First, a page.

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Searching for "Read Real Chinese"


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Yesterday I picked up a copy of Read Real Japanese (ISBN: 4770030584). This reader is the best intermediate reader I've seen for any language. I am just dying for a "Read Real Chinese" to be published. Does anyone know of something like this?

To clarify, Read Real Japanese has the following:

1) Six real Japanese short stories. These are modern, serious, adult-intended works.

2) Furigana for each kanji the first time that reading appears.

3) A sentence-by sentence English translation on the facing page.

4) A notes section in the back of the book with detailed grammatical and cultural notes for the non-obvious sentences.

5) A dictionary covering exactly those senses of the words used in the six stories. (i.e., no extraneous information)

6) An audio CD containing all the stories recorded at native speed by a professional actress.

Over four years ago, there was a discussion here in which Atitarev lamented the non-existance of such readers. But what about today? Does anyone know of such a reader?



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I've been looking for something like this as well. I have Read Real Japanese, and even though I just started Chinese, I'm already searching for such books. It turns out TPRS (Teaching Proficiency through Reading and Storytelling--I just learned this term) books are what you're looking for.

Since I just started Chinese, I just ordered Anna Mei Banfa, but that may be a little too easy for.

I also discovered Capturing Chinese, which may be more your speed. They are also available on Amazon if you're in the US.

Lastly, Parallel Texts Short Stories in Chinese will be released in late May, but it looks like it can be good.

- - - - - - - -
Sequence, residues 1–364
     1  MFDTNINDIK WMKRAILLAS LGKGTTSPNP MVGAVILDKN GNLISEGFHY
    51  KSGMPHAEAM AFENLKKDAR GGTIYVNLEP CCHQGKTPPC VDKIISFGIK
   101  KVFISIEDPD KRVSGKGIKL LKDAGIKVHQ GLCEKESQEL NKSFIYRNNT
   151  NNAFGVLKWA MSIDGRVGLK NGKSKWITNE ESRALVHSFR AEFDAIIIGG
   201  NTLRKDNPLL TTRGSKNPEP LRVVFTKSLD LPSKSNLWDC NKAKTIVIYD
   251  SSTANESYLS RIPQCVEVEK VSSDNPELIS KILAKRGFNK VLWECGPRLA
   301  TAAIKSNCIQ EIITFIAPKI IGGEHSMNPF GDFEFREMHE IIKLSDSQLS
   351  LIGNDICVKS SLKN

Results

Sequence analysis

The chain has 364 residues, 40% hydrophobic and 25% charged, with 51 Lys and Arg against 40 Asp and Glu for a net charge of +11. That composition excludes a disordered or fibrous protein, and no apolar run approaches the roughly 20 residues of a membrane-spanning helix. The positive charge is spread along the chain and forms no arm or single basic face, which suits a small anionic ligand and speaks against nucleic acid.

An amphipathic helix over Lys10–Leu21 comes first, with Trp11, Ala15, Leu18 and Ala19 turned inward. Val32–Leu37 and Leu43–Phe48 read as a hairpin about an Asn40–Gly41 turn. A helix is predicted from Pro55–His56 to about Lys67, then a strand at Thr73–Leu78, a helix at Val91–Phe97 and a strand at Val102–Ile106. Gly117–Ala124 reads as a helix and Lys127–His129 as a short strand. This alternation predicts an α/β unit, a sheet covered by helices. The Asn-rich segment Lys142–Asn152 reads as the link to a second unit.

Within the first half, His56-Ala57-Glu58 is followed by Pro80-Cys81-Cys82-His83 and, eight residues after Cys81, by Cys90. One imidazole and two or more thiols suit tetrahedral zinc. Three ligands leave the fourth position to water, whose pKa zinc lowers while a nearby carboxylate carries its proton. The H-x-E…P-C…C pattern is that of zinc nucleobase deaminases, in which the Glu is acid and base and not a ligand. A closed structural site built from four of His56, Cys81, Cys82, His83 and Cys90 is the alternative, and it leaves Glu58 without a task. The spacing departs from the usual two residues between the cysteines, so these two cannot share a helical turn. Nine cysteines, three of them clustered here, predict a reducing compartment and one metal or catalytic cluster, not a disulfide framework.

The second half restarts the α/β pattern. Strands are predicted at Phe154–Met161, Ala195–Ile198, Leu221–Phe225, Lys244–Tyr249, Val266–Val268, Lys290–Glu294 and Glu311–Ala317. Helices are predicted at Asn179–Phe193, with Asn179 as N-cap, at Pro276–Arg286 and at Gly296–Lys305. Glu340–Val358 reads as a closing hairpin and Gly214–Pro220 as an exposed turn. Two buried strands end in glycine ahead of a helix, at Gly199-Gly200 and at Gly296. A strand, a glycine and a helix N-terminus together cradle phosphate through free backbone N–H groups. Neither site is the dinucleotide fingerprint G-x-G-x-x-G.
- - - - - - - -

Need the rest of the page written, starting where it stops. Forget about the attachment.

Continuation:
I hope you find some of that useful.

If anyone can think of any other books like Read Real Japanese (for Chinese), I'd like to know as well!

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Hey, thanks for suggesting Capturing Chinese (CC). These readers look very helpful. From what I see of the free sample, this is (almost) exactly what I am looking for!

There are just a few things that I would have different in Capturing Chinese:

Firstly, the paragraph-by-paragraph pinyin is distracting. This is worlds better than character-by-character or line-by-line, but it still bugs me. I would rather have pinyin for only those items which are in the footnotes. In the preface, Nadolny argues that the full pinyin facilitates using a dictionary to look up unfamiliar words that he has not footnoted. However, if you use an electronic dictionary that has handwriting or OCR input, the full paragraph pinyin is obsolete. (Now, if you were to take a DeFrancis position here, arguing for a transition away from characters to pinyin-only writing, then I say at least put the pinyin on the facing page so as not to interrupt the flow of the text.)

Secondly, so far as I can tell, CC gives only word- and chengyu- level glosses. I am not looking for a full English translation, but it would be very helpful to have English glosses for sentences that use more advanced grammatical patterns or litterary senses of words (cf. sentence-based theories of language learning). If you contrast with Read Real Japanese (RRJ), you will lament the lack of insightful grammatical and stylistic explanations that Emmerich provides in RRJ.